Willard Leroy Metcalf Biography | Oil Paintings
7-1-1858 Lowell, USA - 3-9-1925 New York, USABack to Artist IndexView Artists Paintings
Willard Leroy Metcalf was born into a working-class family and was encouraged at a young age to develop his artistic talent, and in 1874 by age sixteen he began painting. His first teacher was the Hudson River School artist, George Loring Brown. Two years later in 1876 he opened an art studio in Boston, and also received a scholarship to attend the Boston Museum School where he studied until 1878. In 1882 he held an exhibition at the J. Eastman Chase Gallery in Boston, the money he made from the sales helped to finance a study trip to Europe. In 1884, he left for Paris and enrolled in the Académie Julian under Gustave Boulanger and Jules Lefebvre. By 1885, Metcalf was painting near Claude Monet's home in Giverny, the first American painter to visit there, along with fellow American painters Theodore Robinson, Emil Carlsen, and John Twachtman. His landscapes at this time were traditional paintings of peasant scenes, in the style of Jean Millet.
Upon his return to the United States in 1888, Willard Leroy Metcalf lived for a short time in Philadelphia, but in 1890 he moved to New York and opened an art studio, working as a portrait painter, illustrator, and art teacher. In New York, Metcalf had a busy social life and drank heavily, this combination affected his painting, and he was not very successful. In New York, Metcalf became an active member of the Society of American Artists and became acquainted with the great American Impressionist Childe Hassam. In 1898, Hassam and Metcalf, along with eight other artists, left the Society to form the group known as The Ten. In 1899 Metcalf joined his friends Robert Reid and Edward Simmons in painting murals for a New York courthouse, in this genre he was no more successful than he had been as an illustrator and portrait artist.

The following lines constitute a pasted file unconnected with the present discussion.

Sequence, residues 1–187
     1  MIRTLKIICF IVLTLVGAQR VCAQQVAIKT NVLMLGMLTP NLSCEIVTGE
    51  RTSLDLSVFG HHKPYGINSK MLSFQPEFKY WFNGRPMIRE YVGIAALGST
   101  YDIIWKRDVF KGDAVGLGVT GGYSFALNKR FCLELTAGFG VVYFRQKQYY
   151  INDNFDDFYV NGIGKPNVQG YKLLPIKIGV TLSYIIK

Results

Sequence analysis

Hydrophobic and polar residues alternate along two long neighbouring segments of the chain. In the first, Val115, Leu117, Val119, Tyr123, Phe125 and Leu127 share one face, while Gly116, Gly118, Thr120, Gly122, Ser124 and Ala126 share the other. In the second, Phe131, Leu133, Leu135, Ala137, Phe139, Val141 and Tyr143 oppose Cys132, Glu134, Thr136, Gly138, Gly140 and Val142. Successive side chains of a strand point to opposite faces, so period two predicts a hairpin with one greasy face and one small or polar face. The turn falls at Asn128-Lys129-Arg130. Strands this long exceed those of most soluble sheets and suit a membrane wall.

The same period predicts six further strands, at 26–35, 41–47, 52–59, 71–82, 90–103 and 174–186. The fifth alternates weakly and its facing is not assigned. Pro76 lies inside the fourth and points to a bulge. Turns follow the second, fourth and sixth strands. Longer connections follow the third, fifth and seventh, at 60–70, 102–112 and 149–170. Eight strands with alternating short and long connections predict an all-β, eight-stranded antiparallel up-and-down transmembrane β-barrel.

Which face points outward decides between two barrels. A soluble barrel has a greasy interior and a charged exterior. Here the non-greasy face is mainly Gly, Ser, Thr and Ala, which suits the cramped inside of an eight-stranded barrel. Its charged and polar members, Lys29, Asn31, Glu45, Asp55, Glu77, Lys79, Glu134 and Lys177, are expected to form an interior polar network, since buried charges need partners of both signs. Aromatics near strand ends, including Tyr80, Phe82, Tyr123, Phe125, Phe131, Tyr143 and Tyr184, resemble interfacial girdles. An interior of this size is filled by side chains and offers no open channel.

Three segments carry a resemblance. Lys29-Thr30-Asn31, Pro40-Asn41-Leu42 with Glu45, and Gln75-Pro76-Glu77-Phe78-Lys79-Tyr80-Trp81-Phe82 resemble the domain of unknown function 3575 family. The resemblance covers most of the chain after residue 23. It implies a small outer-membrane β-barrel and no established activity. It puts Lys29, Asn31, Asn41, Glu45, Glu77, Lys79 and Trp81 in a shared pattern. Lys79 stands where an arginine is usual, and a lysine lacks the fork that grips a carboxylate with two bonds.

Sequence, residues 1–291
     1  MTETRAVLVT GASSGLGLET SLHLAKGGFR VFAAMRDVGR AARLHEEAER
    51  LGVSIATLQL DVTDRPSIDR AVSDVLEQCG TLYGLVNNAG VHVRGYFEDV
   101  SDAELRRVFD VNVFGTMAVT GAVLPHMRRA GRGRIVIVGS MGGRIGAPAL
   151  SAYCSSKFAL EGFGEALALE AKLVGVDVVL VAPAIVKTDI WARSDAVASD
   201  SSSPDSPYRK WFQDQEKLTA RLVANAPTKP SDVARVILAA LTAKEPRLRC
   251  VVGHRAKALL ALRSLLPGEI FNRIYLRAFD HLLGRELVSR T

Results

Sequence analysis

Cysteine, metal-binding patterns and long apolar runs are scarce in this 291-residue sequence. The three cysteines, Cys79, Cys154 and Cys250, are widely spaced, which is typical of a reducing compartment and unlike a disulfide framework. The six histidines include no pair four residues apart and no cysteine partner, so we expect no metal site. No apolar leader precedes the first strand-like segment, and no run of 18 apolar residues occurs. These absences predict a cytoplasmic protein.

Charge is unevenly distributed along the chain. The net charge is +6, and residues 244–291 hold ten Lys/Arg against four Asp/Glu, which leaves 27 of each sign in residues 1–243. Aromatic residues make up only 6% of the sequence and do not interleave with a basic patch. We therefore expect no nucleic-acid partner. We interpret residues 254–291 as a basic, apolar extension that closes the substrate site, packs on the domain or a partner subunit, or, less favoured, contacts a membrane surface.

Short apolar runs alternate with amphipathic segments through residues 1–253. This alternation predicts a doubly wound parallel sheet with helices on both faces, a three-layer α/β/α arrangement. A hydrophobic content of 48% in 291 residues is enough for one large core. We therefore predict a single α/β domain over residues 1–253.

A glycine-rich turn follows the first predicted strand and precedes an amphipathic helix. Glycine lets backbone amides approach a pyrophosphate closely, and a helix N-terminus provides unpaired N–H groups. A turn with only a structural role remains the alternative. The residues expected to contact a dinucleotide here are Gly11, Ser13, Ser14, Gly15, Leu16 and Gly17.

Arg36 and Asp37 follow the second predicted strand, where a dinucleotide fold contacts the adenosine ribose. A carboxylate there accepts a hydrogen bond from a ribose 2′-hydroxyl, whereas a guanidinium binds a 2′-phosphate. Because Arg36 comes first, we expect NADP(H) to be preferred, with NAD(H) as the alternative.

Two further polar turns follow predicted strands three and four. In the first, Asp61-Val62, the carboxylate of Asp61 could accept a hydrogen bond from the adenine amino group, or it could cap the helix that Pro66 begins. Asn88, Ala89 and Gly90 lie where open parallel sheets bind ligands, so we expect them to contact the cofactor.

Willard Leroy Metcalf traveled to Havana, Cuba in 1902, to make painted studies in preparation for a mural commissioned by a tobacco company. That year he painted a series of notable landscapes, including The Boat Landing and Battery Park-Spring. The trip to Cuba, with its bright sunshine, had affected his painting style, there was a new freshness of execution and lightness of palette. In 1905, at the support of his friend Childe Hassam, he started spending his summers in Old Lyme, working as both a painter and a teacher. The change of environment proved beneficial, for Metcalf experimented with loose brushstrokes and a lighter, higher-keyed color palette. His New England landscapes met with steady critical and financial success.
Between 1909 and 1920 Willard Leroy Metcalf spent the winters at Cornish, New Hampshire, painting many winter landscapes and continued to have one-man exhibitions in New York and Boston. In 1913 he returned to Europe and spent nearly a year traveling and painting in France, Norway, England, and Italy. In the U.S, Metcalf lived and painted in Connecticut, Vermont, and Maine, where he painted Benediction (extant), a nocturne in 1920. In 1923, Benediction sold for $13,000, (equivalent to US$180,000 today) then a record price for the work by a living American artist. Summer Morning, Giverny, sold at auction in 2010 for US$422,500.
Art Movement: Impressionism.
Artists Influencing Willard Leroy Metcalf: Gustave Boulanger, Jules-Joseph Lefebvre.
He Traveled To France, England, Algeria, Tunisia, Cuba, Italy, Norway.
Artist Biography compiled by Albert L. Mansour at The World's Artist, with text adapted from Wikipedia.